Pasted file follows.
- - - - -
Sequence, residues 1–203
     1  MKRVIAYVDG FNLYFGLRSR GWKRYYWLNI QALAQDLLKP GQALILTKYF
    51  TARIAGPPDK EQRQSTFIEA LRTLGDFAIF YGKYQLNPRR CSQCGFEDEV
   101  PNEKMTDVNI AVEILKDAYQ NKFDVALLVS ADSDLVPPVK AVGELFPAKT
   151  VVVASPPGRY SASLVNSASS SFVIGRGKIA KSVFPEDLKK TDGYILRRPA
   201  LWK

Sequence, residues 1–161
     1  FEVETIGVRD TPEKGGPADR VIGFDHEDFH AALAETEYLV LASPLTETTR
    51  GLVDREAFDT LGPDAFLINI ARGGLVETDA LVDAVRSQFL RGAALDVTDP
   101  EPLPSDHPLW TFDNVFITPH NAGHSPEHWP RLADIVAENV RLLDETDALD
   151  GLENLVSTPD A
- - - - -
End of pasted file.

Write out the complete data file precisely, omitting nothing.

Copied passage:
Sequence, residues 1–203
     1  MKRVIAYVDG FNLYFGLRSR GWKRYYWLNI QALAQDLLKP GQALILTKYF
    51  TARIAGPPDK EQRQSTFIEA LRTLGDFAIF YGKYQLNPRR CSQCGFEDEV
   101  PNEKMTDVNI AVEILKDAYQ NKFDVALLVS ADSDLVPPVK AVGELFPAKT
   151  VVVASPPGRY SASLVNSASS SFVIGRGKIA KSVFPEDLKK TDGYILRRPA
   201  LWK

Sequence, residues 1–161
     1  FEVETIGVRD TPEKGGPADR VIGFDHEDFH AALAETEYLV LASPLTETTR
    51  GLVDREAFDT LGPDAFLINI ARGGLVETDA LVDAVRSQFL RGAALDVTDP
   101  EPLPSDHPLW TFDNVFITPH NAGHSPEHWP RLADIVAENV RLLDETDALD
   151  GLENLVSTPD A